Consider it: the ironic admission against an otherwise “spotless” Christian faith, the suggestive pagan images that just demolish Cullen’s former claims. And that final devastating couplet? It’s virtually conceding what atheists (like me) believe — that religion responds to and is marked by human feeling, not the other way around. Not only is this little stanza technically excellent, it’s intellectually sophisticated as well. That’s difficult. Cullen’s is probably the most intelligent discussion of the clichéd “God is white/black” “debate,” which most rappers haven’t yet learned to let go of or treat maturely.

  Yet repeating those same lines to others is rarely satisfying. Sure, it’s unsurprising now — most people are just too inexperienced to appreciate something well-writ, beyond a customary nod or some indifferent approval. I didn’t realize this until a couple of years ago, probably because I was reading in an insulated way. And the phenomenon is similar in rap. A casual listener could never tell the difference between a Ras Kass and a 50 Cent, much less a non-listener whose only impression is, “well, they’re both talking.” And rap has developed its own self-referential language, — it has a rich system of allusions, vocabulary, and careful intonations that are perpetually inaudible to the inexperienced. This is not hyperbole or mystification, just common sense. Example: As I was waiting for M.I.A.’s show to start last October, I thought about the opening act’s quaint performance. These rappers were imitating Old School hip-hop in obvious ways: short end-stopped lines, regular rhythms, greater stress on the final syllables, and the familiar, aphoristic chants and refrains. (Interestingly, English poetry, to an extent, started out the same way, especially blank verse.) As if to punctuate the gimmick, they quoted Ice Cube:


Fuckin’ with me, ’cause I'm a teenager

With a little bit of gold and a pager —

Searchin’ my car, lookin’ for the product,

Thinkin’ every nigga is sellin’ narcotics!


  Minor details? No, it’s like a modern reader schooled on the short, dull sentences of James Frey opening to Dickens, or the paragraph-lines of Caesar: there’s no way to mistake the three unless you are illiterate.

  Still, hip-hop is not a “literary” creation. Its original source was uneducated vernacular speech, which is all too obvious in early rap. Consider a verse from Grandmaster Flash’s “The Message”:


A child was born, with no state of mind

Blind to the ways of mankind.

God is smiling on you, but he’s frowning too,

‘Cause only God knows what you go through.

You grow in the ghetto, living second rate,

And your eyes will sing a song of deep hate.

The places you play and where you stay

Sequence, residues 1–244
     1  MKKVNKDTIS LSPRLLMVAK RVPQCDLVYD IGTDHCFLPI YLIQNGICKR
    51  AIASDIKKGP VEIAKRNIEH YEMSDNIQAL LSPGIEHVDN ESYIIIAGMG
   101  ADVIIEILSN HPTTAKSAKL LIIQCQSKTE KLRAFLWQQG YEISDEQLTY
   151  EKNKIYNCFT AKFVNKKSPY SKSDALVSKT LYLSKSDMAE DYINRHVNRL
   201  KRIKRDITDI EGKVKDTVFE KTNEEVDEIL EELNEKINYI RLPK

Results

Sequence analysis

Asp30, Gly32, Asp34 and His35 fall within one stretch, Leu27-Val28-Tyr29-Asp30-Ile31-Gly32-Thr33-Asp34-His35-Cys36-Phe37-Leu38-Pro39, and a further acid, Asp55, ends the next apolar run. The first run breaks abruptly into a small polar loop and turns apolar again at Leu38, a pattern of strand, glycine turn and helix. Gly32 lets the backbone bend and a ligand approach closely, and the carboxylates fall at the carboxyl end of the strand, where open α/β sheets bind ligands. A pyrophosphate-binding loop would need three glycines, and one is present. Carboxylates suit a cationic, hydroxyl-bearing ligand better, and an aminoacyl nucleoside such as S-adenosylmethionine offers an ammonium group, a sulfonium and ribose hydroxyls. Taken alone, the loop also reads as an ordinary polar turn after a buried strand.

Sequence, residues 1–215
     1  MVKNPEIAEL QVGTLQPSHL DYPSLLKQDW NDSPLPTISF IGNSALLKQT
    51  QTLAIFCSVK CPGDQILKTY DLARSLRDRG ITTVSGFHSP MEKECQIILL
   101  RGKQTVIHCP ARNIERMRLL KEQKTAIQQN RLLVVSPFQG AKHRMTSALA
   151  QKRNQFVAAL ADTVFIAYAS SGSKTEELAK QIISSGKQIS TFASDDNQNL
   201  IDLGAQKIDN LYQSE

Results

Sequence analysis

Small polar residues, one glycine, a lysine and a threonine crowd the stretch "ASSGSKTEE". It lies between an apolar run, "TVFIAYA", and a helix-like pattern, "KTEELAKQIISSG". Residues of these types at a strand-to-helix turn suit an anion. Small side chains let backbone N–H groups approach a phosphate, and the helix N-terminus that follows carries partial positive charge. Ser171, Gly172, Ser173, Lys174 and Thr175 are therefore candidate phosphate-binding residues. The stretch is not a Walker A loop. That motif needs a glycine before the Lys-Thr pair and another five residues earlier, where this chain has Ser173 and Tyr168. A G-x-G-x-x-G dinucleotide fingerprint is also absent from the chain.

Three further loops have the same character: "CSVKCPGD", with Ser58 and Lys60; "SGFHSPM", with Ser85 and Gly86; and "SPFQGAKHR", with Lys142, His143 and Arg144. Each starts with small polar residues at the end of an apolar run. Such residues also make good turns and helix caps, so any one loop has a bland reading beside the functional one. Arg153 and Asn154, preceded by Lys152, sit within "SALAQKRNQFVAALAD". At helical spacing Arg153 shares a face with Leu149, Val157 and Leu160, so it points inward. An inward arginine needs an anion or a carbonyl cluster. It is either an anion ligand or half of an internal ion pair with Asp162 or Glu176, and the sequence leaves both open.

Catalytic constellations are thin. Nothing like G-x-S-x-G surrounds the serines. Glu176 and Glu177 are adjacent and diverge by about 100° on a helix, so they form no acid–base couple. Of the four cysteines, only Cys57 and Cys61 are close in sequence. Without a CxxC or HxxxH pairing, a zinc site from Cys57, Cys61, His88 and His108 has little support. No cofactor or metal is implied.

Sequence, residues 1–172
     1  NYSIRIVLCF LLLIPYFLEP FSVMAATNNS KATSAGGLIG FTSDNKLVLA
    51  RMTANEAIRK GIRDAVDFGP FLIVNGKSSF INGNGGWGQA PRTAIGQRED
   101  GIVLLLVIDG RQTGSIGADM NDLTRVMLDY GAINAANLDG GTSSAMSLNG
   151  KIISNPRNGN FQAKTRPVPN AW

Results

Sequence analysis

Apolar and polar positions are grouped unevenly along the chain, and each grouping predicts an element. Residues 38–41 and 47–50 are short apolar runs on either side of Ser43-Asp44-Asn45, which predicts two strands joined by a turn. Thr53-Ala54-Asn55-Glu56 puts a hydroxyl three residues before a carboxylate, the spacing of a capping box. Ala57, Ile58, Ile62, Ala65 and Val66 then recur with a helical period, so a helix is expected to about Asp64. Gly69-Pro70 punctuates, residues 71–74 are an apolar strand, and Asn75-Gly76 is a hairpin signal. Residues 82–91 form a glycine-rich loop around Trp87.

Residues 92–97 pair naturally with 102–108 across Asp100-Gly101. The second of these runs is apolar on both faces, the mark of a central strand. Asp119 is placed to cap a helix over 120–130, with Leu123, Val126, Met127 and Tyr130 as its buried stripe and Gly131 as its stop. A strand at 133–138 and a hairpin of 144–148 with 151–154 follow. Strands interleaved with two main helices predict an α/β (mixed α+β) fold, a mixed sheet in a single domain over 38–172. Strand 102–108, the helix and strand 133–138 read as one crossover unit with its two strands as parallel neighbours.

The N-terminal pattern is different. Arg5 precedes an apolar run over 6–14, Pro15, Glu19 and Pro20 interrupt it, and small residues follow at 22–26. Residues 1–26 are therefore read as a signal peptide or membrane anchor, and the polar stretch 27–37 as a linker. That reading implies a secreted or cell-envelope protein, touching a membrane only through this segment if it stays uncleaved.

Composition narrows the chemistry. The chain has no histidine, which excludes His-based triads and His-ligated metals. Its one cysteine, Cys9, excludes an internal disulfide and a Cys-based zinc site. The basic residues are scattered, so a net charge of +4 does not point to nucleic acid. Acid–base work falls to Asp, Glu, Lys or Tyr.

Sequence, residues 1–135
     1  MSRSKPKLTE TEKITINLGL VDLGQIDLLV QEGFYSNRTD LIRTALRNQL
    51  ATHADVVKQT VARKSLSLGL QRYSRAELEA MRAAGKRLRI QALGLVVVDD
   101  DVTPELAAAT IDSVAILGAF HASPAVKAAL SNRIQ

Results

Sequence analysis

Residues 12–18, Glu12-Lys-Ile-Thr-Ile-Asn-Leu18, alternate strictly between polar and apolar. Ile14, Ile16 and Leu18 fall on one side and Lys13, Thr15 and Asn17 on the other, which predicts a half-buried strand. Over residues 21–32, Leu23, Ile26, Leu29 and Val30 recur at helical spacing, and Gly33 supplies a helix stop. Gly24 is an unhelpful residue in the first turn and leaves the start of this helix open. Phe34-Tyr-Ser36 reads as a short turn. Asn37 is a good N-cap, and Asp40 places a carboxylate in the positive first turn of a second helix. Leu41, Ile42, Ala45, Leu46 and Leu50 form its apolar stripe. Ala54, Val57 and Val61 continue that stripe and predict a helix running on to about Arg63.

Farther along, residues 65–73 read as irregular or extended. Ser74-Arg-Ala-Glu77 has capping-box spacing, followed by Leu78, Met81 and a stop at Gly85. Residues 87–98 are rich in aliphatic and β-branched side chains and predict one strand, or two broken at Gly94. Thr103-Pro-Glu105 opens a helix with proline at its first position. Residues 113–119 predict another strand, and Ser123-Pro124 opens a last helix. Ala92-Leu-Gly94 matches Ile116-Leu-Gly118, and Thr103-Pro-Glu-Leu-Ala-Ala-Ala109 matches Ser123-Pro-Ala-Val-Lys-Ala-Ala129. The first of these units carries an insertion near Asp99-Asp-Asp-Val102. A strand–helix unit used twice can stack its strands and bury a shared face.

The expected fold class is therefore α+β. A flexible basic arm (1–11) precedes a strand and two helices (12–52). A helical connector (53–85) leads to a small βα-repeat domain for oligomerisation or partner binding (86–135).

Looks like one great big alley way.

You say, I’m cool, I’m no fool,

But then you wind up dropping out of high school.


  Despite its fame, it hasn’t aged too well, at least lyrically: multiple clichés, technical mediocrity, and nothing that could equal modern hip-hop. This is never admitted, but it’s manifestly true: line-for-line, most early hip-hop is superceded by contemporary stuff. Why? It’s just like in poetry: it takes time for the art to really mature: it needs models, or precedents to play off of. Hip-hop did not have that, at least not at first. But by the early 90s, things changed. Now, rappers had well over a decade of material to absorb and reimagine. The language, far more developed, was ripe for a technical revolution in rhythm, subject matter, and new standards of lyrical excellence. Consider Ras Kass’s unreleased and virtually unknown “Core Audience,” one of the best rap songs ever recorded and unlike anything out at the time:


Violence is the new platinum gimmick:

Call it the double-cross crossover!

A rose by any other name is “Seal”!

You claimin’ you “represent the real niggas’ life,”

But only represent it for a price!

Cuz if next week, the new fad was hip-hop fags,

You'd find a lot of hardcore niggas in draaaaaaaaaag!

I know, it’s a lot of work from “ghetto,”

To “gettin’ mo’ dough,” but silly ass niggas need to know:

Before it makes dollars, it must make.. sense!

I kick my shit for the core audience.


So that’s why I remain anonymous,

Symbolic of cuttin’ out the middle man,

And keepin’ mine autonomous!

I’d rather be major on a Minor,

Than minor on a Major label!

I’m willing and able to put your label

On my choppin’ table!

Recycle black dollars, and not go pop,

And if I flop — at least I stayed true to hip-hop!


  Note the wit, the humor, the wordplay (and the substance!), all amplified by a great and subtle performance. Although rap always had these elements, it took more than a decade to hyperdevelop them before the real creative stuff began to flow. And of course, that’s natural; artists need to coexist with each other’s work, to study the nuances and possibilities of lines and techniques, or simply to mature. Great songs or poems are wrought from this experience.